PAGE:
BLACKSBURG, Va. — The Virginia Tech String Project, in collaboration with the Virginia Tech Foundation, was awarded a $20,000 grant from the Country Music Association Foundation.  

The Virginia Tech String Project, in its eighth year, teaches New River Valley students how to play orchestral string instruments, an opportunity not available during their normal school day. It also provides the opportunity for Virginia Tech music majors to learn firsthand how to be effective music teachers, thereby strengthening the overall quality of music education throughout the state.

With this award the program will be able to expand its reach into other parts of the region that lack orchestra programs in the public school curriculum. This award will also assist in providing need-based scholarships, extending the opportunity to participate to students who otherwise may not have the financial means to be a part of the program.

“This program changes kids’ lives,” said Virginia Tech String Project Director and Virginia Tech faculty member Nicole Paglialonga. “This award will allow us to give the gift of music to many more eager students." 

If you have a child, third grade or older, interested in joining the Virginia Tech String Project, please email Paglialonga.

The parent of one Virginia Tech String Project recently emailed Paglialonga to share her gratitude for the program. 

"I want my child to succeed. He has some learning disabilities and I wondered if [learning the cello] was realistic. Now I couldn't be happier ... Watching him perform on stage was an amazing experience. But more than that, the Virginia Tech String Project affected our child's life way beyond the concert hall and into the classroom," she wrote. "His reading scores increased, as did his confidence. There are no words to fully express our gratitude to all the leadership and students of this fabulous program!" 

The CMA Foundation is a non-profit organization committed to making a profound difference in the lives of students through projects furthering music education. The CMA Foundation offers support to schools and nonprofit organizations whose mission and priority are to grant children access to music education. CMA created the nonprofit 501(c)(3) CMA Foundation in 2011 as the charitable giving arm of CMA. Funds for the Foundation are provided by CMA on behalf of the hundreds of artists who perform and make appearances during CMA Music Festival for free. Guided by the generosity of the Country Music community, the CMA Foundation focuses on improving and sustaining music education programs everywhere while supporting worthwhile causes important to the Country Music Association.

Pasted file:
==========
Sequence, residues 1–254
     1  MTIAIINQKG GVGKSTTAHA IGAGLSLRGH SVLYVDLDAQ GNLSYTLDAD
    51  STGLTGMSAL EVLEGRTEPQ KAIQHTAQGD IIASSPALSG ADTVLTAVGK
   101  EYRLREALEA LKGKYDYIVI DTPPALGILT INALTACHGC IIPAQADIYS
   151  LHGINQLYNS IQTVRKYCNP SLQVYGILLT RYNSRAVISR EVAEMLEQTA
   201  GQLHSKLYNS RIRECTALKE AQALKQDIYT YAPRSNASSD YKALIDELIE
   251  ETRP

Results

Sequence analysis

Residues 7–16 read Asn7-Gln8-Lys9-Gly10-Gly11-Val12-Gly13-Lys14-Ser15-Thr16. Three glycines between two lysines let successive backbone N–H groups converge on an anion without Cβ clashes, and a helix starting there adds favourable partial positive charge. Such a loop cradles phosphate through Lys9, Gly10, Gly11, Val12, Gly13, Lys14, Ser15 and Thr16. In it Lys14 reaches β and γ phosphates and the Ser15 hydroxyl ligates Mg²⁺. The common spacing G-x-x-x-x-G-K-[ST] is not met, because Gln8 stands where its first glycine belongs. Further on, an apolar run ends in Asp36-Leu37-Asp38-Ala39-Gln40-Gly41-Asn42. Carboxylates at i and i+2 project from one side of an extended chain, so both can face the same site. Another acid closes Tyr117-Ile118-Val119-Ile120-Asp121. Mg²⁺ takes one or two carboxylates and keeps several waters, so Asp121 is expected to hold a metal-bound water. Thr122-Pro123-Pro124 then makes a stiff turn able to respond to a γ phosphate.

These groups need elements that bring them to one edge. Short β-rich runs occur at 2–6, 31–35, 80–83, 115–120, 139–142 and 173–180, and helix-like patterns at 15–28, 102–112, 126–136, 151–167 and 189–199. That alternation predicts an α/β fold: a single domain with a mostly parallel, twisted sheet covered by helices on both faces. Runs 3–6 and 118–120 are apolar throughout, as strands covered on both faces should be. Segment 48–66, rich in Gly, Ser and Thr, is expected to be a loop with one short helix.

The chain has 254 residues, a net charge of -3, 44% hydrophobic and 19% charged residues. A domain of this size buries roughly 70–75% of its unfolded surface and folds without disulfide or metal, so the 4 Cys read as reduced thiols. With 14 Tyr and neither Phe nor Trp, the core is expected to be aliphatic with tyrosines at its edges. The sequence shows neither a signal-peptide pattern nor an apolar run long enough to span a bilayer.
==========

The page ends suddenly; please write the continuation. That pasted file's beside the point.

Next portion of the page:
Virginia Tech's School of Performing Arts, a unit within the College of Liberal Arts and Human Sciences, is comprised of music, theatre, cinema, and dance. The school is committed to education, training, and experience in the transformative power of the performing arts. In addition to producing more than 250 student, faculty, and guest artist events each year, the school presents the annual Summer Arts Festival and maintains the university's artist registry.

Dedicated to its motto, Ut Prosim (That I May Serve), Virginia Tech takes a hands-on, engaging approach to education, preparing scholars to be leaders in their fields and communities. As the commonwealth’s most comprehensive university and its leading research institution, Virginia Tech offers 240 undergraduate and graduate degree programs to more than 31,000 students and manages a research portfolio of $513 million. The university fulfills its land-grant mission of transforming knowledge to practice through technological leadership and by fueling economic growth and job creation locally, regionally, and across Virginia.

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